Are Mortgage lenders “required” to charge PMI for loan balances exceeding 80%, or is it negotiable?

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I will need to borrow 87% of the appraised value. My credit score is in the high 800s. Do I have any bargaining power?

4 Comments
  1. Reply
    Discovery
    April 29, 2011 at 10:31 pm

    Contact the FSA to find out what is legal and what is required.

  2. Reply
    wizjp
    April 29, 2011 at 11:23 pm

    no. It’s required.

  3. Reply
    Steven M
    April 30, 2011 at 12:01 am

    You can get around it by doing a first and second mortgage, that’s what I did. The second mortgage would be 20% of the home value, so there’s no PMI on the main mortgage. They’ll give you a bit of a higher rate on the second, but you can pay it down faster. Besides, if you make extra payments on the second, it will soon go away and your total monthly mortgage payments will be lower for the remainder of the loan.

  4. Reply
    mte
    April 30, 2011 at 12:41 am

    Yes, you do have bargaining power. You may have to pay a slightly higher interest rate, but you can negotiate the PMI. Since you have a very high credit score, you can use this to your advantage. Assuming you have had credit for more than 5 years and this is your 2nd home or major finance purchase, you should be able to get it taken off or at least lowered. The lower your home purchase price, the better chance you have as well. The banks see this as a better loss ratio for their purposes. So let’s say you wanted to buy a $ 500000 home and you don’t want PMI with your specified credentials vs. buying a home at $ 150000 w/o PMI, the bank is more likely to “take a chance” on the lower purchase priced home than the $ 500K priced home. If you were to default on this $ 500K home, then they would take a much higher loss (in theory). That’s what PMI protects. Unfortunately, PMI does not protect the buyer, only the lender if the buyer doesn’t pay. It is a cash cow for lenders; it’s basically their insurance plan. It’s like paying insurance on a person you don’t even know – what benefit does it have for you, none. I would try and see if you could save up a little more money to be at 20% of the purchase price. If you do this, you will pay up to 30% less over the time of your mortgage term. This can amount to thousands and thousands of dollars. Did you know that PMI can add $ 100 – $ 300 more a month to your mortgage payment…think of how much you could be investing with this money instead of “throwing it away.” If you an get out of PMI, I would DEFINITELY do it. SOme mortgage lenders offer this. Do a global search on google for the specials that these lenders are advertising. PMI can be better negotiated depending on the type of loan you get; never get an ARM or Optional ARM loan; you will have more bargaining power if you go for a fixed loan. Bank of America had one of these “deals” a long time ago. You can also do an 80/20 loan (like mentioned above) but many banks are no longer offering this option because it can put the bank in a loss situation since 80/20 liens can be separated and sold to other servicing companies. First lien always takes presidence, so if a bank owns the 2nd lien, they will take the loss in any kind of litigation on the property.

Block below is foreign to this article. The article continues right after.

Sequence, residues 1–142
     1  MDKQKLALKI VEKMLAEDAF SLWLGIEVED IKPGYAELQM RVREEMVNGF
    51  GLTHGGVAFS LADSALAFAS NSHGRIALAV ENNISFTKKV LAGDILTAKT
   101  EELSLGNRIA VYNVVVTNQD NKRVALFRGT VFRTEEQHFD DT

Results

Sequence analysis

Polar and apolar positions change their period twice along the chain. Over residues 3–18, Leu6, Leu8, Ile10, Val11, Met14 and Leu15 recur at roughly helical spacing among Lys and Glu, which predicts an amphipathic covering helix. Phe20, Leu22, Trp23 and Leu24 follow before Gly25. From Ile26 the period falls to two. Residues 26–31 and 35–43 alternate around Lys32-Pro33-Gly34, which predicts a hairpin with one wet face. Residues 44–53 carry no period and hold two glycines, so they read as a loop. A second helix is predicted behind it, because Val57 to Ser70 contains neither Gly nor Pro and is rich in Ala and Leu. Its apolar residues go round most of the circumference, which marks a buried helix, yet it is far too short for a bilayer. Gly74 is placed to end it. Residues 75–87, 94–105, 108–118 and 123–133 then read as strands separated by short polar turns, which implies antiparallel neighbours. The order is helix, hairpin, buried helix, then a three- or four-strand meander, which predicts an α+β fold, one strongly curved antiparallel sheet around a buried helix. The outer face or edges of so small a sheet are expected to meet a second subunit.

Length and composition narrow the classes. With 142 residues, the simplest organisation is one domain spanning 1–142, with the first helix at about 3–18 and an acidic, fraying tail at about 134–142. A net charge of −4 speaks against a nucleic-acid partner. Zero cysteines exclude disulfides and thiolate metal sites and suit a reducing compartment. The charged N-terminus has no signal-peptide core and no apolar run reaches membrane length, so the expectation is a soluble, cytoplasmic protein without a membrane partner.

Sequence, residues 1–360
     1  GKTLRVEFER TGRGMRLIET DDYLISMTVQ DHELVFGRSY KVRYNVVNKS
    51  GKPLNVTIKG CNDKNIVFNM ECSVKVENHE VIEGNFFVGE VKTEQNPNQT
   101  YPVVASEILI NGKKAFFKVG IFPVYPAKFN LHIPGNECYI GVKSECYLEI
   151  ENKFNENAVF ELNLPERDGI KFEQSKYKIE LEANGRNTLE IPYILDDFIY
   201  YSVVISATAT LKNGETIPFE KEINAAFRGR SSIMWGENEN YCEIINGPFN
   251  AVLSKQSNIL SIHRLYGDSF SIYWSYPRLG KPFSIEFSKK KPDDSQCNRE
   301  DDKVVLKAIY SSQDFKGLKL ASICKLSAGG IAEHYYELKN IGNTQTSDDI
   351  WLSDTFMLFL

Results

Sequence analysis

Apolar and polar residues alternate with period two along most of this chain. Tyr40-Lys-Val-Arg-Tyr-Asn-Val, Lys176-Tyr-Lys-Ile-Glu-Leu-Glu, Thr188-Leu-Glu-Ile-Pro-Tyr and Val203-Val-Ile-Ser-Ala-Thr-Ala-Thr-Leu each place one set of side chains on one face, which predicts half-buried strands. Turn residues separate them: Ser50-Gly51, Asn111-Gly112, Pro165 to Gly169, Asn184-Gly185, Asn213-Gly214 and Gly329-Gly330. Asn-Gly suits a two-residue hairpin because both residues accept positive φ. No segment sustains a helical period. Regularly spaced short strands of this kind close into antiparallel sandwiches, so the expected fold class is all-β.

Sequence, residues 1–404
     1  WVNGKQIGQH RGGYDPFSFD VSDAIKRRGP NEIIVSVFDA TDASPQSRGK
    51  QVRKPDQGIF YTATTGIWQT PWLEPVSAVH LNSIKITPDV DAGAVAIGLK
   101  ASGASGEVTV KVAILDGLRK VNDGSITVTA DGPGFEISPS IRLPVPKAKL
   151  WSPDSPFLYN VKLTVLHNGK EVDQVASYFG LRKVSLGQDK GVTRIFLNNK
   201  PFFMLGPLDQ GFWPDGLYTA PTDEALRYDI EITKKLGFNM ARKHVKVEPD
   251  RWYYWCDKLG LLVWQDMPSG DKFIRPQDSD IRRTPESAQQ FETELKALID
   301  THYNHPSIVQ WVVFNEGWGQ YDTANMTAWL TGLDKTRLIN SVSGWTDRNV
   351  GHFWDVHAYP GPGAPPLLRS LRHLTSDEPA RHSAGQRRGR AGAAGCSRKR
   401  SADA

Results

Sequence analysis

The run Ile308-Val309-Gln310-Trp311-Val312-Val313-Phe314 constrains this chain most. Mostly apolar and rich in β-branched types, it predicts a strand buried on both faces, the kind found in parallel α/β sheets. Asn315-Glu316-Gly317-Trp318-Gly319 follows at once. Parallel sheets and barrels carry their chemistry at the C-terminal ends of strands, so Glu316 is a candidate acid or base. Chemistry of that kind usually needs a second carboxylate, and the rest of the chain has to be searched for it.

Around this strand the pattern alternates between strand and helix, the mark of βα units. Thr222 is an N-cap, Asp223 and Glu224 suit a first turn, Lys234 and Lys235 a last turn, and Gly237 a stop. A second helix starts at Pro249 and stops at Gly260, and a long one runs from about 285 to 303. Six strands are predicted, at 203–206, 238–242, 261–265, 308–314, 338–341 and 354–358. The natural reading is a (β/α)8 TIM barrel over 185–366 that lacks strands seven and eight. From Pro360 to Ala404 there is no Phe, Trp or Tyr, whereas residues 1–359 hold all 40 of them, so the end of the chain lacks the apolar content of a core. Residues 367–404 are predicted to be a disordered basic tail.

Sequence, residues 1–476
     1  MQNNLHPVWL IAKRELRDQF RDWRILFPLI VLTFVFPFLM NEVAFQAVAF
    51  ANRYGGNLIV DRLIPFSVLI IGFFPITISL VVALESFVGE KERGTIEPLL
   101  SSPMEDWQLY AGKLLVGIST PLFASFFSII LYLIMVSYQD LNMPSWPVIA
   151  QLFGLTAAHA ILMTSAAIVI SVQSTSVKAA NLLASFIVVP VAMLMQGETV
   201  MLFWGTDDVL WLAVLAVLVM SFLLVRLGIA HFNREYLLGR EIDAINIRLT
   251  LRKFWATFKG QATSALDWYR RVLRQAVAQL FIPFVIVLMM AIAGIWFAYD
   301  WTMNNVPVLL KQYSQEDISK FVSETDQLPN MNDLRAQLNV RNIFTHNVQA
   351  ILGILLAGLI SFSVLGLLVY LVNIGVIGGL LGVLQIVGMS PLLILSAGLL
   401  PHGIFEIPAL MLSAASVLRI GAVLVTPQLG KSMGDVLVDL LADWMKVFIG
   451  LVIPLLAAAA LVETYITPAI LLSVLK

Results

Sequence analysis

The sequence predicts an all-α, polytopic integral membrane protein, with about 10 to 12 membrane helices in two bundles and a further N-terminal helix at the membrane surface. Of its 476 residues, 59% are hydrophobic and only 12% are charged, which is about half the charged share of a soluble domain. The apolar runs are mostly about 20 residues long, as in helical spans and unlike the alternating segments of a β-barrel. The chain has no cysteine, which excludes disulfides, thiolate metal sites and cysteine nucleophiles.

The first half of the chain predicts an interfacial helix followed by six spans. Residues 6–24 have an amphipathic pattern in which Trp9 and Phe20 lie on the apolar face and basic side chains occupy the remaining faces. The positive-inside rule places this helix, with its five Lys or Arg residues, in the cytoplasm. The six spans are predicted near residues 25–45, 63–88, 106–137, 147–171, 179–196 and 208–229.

Hope this helps.

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